Joshua's Palliative Care StoryNov 20, 2019
Palliative Care Team helped patient with muscular dystrophy who loved lifeJoshua Taylor spent the last eight years of his life in a wheelchair dealing with the progressing symptoms of Duchenne muscular dystrophy, but it never stopped him from embracing life to d1e fullest and dealing bravely with death.
Just ask his doctor at the Children's Hospital of Michigan. "He was an incredibly inspiring individual," says Nadia Tremonti M.D., medical director of palliative medicine at Children's Hospital, and assistant professor of pediatrics at Wayne State University School of Medicine.
As head of palliative medicine, one of Tremonti's jobs is building a program to care for patients and their families who are facing che possibility of death. Since starting the position in July 2007, she provides supportive care for 45 children and their families, is introduced to about 10 families a month, and stays in touch with 25 bereaved families. '1 plan to follow these families as long as I am here," says Tremonti.
It is this kind of care that prompted Joshua to ask Tremonci co keep in touch with his family after he dies. "At the end of his life, I was his primary doctor. I was the safe person to talk with about emotional and intellectual things he was going through - how he was seeing death, how chat was hard and how he felt about leaving his mod1er behind. le was very important to Joshua that I would continue to check in on his mom long after he was gone," Tremonti says.
Palliative care is about making the most of the time chat we have. One of Joshua's goals was to graduate from high school. On February 15, 2008, Joshua graduated from Herny Ford High School in from of a crowd of family, friends and teachers. Tremonci, who suggested the hospital graduation, also was there. Joshua died nine days later, on his 19d1 birthday, just after family and staff sang "Happy Birthday" to him while holding his mom's hand.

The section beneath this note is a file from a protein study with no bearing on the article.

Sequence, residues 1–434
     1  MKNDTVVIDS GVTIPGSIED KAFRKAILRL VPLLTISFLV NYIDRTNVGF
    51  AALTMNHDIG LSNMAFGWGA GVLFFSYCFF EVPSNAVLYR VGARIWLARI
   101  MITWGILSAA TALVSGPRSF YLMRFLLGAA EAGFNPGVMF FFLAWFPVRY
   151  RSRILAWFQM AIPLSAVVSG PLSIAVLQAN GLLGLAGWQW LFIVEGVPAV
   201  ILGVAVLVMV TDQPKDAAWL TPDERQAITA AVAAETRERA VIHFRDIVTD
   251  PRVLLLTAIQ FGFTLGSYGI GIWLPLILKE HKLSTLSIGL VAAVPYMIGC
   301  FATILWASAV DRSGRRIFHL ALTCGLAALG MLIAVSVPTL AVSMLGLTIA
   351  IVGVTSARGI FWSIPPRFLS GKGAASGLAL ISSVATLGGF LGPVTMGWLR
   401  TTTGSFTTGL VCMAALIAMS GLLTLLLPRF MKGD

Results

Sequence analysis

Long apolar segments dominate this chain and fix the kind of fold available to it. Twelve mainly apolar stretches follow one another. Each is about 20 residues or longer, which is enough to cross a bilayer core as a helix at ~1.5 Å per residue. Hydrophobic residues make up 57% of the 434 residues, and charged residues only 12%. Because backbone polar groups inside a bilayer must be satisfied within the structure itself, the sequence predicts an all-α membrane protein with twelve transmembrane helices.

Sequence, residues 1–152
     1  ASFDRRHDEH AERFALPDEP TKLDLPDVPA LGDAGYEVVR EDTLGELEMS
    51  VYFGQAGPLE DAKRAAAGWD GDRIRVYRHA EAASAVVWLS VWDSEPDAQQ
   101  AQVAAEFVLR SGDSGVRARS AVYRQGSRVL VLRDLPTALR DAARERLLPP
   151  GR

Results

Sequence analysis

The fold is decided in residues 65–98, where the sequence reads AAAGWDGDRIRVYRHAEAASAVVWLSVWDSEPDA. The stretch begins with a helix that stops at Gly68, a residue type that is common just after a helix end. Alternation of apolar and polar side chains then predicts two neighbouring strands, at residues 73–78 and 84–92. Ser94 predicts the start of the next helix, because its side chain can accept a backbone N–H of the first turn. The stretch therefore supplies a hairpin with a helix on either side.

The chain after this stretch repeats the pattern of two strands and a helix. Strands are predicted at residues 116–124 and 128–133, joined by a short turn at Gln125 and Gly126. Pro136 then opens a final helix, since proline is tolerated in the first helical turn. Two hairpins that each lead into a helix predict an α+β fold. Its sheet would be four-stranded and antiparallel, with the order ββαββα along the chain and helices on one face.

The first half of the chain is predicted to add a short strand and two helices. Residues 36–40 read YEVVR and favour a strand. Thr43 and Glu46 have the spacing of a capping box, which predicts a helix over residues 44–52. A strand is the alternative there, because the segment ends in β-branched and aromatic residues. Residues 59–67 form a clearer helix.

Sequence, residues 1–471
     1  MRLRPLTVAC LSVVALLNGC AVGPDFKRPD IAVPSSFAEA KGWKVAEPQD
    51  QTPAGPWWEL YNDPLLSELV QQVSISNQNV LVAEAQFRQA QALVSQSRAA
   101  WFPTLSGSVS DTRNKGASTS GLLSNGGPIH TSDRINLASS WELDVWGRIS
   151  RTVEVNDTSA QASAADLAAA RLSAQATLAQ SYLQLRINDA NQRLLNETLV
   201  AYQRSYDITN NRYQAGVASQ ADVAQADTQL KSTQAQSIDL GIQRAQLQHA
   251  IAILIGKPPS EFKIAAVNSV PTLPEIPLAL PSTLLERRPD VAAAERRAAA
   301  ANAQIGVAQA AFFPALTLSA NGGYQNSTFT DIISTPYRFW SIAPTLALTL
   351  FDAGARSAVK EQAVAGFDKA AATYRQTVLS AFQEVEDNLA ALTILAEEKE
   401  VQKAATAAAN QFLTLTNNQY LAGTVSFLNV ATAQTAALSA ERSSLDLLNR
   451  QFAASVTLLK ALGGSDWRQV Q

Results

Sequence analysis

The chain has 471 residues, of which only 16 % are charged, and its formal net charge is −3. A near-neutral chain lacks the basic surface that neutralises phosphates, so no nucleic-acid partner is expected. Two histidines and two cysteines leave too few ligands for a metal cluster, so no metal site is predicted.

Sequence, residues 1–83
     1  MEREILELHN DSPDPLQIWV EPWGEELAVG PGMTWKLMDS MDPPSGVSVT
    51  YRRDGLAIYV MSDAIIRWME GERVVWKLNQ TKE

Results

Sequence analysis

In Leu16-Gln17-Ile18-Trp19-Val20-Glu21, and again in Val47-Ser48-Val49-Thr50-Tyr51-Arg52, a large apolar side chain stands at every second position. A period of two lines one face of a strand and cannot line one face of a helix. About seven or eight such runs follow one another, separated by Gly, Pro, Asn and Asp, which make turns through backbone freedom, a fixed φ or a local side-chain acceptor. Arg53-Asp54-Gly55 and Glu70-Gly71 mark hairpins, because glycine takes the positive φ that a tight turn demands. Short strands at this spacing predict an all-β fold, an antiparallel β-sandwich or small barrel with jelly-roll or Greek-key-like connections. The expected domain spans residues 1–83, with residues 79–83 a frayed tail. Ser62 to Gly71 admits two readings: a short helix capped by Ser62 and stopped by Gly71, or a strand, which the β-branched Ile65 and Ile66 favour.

Since his death, his life has been celebrated several times, says his mother Cynthia Taylor of Detroit.
At the high school senior breakfast at Masonic Temple downtown, there was a tribute to Joshua, where he received a standing ovation. At the school's graduation commencement speech, he was praised for his accomplishments.
Taylor, a licensed practical nurse at a Detroit nursing home, says her son was "wise for his years. His friends would come to him for advice," she says. He earned good grades, liked movies and even played baseball for five years before being diagnosed with muscular dystrophy. He also liked to write poetry.
"He was a whiz at chess, which he taught himself on the computer. He beat his doctor the first time he played with her," Taylor says.
Another goal Joshua had was to attend the University of Michigan and find a cure for the type of muscular dystrophy he had. Over time, muscles deteriorate and patients become wheelchair bound. While not all types are fatal, for many the disease event usually affects the muscles for breathing and the heart. Children with Joshua's kind of muscular dystrophy typically die in adolescence or early adulthood.
As Joshua became increasingly ill, he spent more time at Children's Hospital. "It's a wonderful hospital," Taylor says. " It allows kids to be kids without adult intervention. It lets them be who they are. Joshua had roommates who were older, who enjoyed playing video games with him and watching TV like he did. She was comfortable being an older patient there."